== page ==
On 2nd December 1850, Bishop William Delaney laid the foundation stone of a new Convent named "St. Maries of the Isle." A generous contribution was made by a Ms. Barbara Gould towards the building and the plans included a House of Mercy, a National School and an Orphanage. Gothic in style, the new Convent was described as "one of the most beautiful ornaments of the ancient city of Cork". The Sisters moved to their new Convent on 2 October 1852. We were greatly impressed by the vastness of the Convent, of its broad and long cloisters.
In our visit to St Maries of the Isle, the Sisters brought to life Catherine’s great love for music and song as they entertained us whilst we were enjoying our “good cup of tea” and scones. Unfortunately our repertoire of English songs did not match the Irish melodies!
Catherine was indeed a “Sister of Divine Providence” as Dr Murphy, Bishop of Cork, said of her. St Maries of the Isle was the home of Sister Angela Bolster who began promoting the Cause for Canonisation of Catherine until her death in 2005. The Sisters provided each of us with an envelope containing Sisters Angela’s last writing on the Cause for Canonisation – “Odyssey of Mercy – showing how Catherine McAuley lived a life of many dimensions on the flat canvas of 18th and 19th century Dublin.” Today Sisters are engaged in a variety of different ministries in the city.
Charleville: From St Maries of the Isle we headed towards Charleville. On 29th October 1836 Catherine arrived in Charleville with Sisters Angela Dunne, Joseph Delaney and Elizabeth Hynes. In pre-famine times, the people of Charleville, suffered great poverty. Some of the more prosperous wished to improve their situation and among them was Miss Mary Clanchy. One of the ways of improving life in the area was to invite a religious congregation to the town. The Bishop of the Diocese of Cloyne, Dr. Crotty, made a formal request of Catherine to send some of her Sisters and she agreed to establish a foundation. As with all early foundations of Catherine, Charleville had Mary Clanchy as a local benefactress who was willing to give a house and £500.00 towards the foundation.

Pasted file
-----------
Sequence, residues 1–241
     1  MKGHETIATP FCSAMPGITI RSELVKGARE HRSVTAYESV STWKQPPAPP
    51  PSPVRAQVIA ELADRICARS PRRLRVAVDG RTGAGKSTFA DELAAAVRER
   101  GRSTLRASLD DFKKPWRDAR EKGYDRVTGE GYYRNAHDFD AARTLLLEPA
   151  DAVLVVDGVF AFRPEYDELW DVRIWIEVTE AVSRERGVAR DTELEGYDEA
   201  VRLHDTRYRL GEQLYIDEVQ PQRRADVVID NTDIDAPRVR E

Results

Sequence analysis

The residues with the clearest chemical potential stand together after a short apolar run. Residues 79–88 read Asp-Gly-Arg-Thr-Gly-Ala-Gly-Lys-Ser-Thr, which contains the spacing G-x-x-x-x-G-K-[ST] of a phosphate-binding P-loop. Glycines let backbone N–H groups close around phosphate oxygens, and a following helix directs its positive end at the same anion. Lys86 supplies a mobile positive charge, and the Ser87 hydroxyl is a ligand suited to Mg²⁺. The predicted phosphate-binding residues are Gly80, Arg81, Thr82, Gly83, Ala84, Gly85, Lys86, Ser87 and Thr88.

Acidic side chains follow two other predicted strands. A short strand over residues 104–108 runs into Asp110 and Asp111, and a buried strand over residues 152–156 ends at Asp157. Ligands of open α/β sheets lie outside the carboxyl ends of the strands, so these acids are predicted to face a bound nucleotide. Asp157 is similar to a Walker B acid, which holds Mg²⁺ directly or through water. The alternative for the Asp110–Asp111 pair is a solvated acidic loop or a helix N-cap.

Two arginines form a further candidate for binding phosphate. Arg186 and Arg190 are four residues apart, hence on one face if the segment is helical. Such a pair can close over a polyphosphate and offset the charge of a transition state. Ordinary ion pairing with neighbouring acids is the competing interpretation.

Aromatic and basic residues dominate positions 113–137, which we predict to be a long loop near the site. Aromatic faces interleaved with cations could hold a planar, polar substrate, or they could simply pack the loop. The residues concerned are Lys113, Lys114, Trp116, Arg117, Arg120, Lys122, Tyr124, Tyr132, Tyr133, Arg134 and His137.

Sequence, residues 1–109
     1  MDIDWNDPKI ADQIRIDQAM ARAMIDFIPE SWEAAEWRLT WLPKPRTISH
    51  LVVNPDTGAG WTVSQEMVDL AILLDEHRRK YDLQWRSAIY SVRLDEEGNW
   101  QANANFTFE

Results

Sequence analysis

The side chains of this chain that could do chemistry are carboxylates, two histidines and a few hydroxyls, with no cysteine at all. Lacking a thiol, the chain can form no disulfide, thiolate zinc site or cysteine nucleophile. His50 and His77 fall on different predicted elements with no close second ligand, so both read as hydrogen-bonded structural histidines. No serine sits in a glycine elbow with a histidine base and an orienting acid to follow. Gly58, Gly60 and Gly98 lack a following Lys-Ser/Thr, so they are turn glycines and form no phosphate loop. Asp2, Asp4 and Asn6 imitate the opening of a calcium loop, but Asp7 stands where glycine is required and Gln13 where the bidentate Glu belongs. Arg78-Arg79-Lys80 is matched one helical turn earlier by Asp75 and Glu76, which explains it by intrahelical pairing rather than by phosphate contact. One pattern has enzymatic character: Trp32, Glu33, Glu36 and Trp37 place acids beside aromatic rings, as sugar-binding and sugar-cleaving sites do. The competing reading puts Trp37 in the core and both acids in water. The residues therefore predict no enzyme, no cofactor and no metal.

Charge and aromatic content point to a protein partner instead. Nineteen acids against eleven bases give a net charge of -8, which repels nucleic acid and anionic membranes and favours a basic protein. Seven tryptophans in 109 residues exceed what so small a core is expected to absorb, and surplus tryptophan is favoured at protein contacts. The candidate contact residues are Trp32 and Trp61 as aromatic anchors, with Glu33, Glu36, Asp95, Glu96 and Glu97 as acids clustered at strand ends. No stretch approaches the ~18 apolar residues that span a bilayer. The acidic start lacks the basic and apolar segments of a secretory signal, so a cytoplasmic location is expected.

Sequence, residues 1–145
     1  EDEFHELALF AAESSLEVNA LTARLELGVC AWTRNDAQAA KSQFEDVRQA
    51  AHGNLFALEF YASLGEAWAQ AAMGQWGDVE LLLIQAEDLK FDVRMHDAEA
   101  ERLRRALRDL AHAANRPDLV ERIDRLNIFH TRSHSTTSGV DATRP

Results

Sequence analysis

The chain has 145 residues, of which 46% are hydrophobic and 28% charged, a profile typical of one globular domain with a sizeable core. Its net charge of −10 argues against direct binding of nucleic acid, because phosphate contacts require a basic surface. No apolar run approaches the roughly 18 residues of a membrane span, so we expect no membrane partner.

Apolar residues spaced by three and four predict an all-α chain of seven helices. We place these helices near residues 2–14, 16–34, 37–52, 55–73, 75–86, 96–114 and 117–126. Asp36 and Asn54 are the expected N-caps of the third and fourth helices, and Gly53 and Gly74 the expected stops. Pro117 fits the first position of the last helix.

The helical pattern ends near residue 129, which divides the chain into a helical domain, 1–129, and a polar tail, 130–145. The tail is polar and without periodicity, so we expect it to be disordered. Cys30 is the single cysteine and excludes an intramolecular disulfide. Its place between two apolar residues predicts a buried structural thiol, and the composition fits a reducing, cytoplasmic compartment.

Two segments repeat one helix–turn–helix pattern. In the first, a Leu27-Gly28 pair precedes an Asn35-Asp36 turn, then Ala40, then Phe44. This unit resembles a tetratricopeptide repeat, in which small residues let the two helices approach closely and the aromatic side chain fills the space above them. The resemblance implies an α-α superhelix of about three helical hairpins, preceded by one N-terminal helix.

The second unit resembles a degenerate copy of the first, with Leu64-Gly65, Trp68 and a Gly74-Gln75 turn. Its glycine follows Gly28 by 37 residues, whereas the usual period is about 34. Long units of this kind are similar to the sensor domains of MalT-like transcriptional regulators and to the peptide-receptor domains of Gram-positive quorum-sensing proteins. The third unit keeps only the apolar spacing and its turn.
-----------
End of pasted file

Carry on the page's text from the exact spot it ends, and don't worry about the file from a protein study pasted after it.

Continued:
The house proved very damp and Sister Angela Dunne, fearing for the health of the Sisters, asked Catherine to close the foundation. However one day while the Sisters visited the very poor in the laneways a woman stood at her door and said that it was "God himself that drove ye in among us". This convinced Catherine of the need for the Sisters to remain in Charleville. A new Convent was opened in 1839. Catherine wrote: "Charleville has hitherto been a sick branch, but it will be a strong one yet."
The Sisters became involved in education and gave religious instruction in a local national school. Visits were made to the sick and the poor in their homes, while others came to the Convent for help. Today Sisters continue their work in education, health care and parish work.
The highlight of the visit was the Heritage Centre. We were amazed at the extent of the story of the Sisters presence in the South of Ireland. The displays on the corridor and in what was originally the Chapel, told the story of how Mercy spread in this part of Ireland, in the Philippines, South America and Africa. It was a beautiful sensitive presentation of their archives in keeping alive the story of Mercy.
Limerick: On the 24th of September 1838, Feast of Our Lady of Mercy, Catherine at the request of Most Reverend John Ryan, Bishop of Limerick, arrived in Limerick to establish the congregation in St Mary's Parish, in the old end of the city. Since 1812 The Poor Clare Sisters had been serving the people in their need but due to deaths and difficulties only two now remained. At their request these Sisters were affiliated to the Mercy Congregation and the Convent formerly used by them was available for the new foundation. The gate to the original Convent in Limerick is the only relic of the past. A painting depicts Catherine and her Sisters coming through the gate and being met by The Poor Clare Sisters carrying lighted candles. We attended Mass in St Mary’s Church where Catherine would have worshipped. We were warmly welcomed by the Priests of the Parish who spoke eloquently of the Sisters – past and present – and their ministry.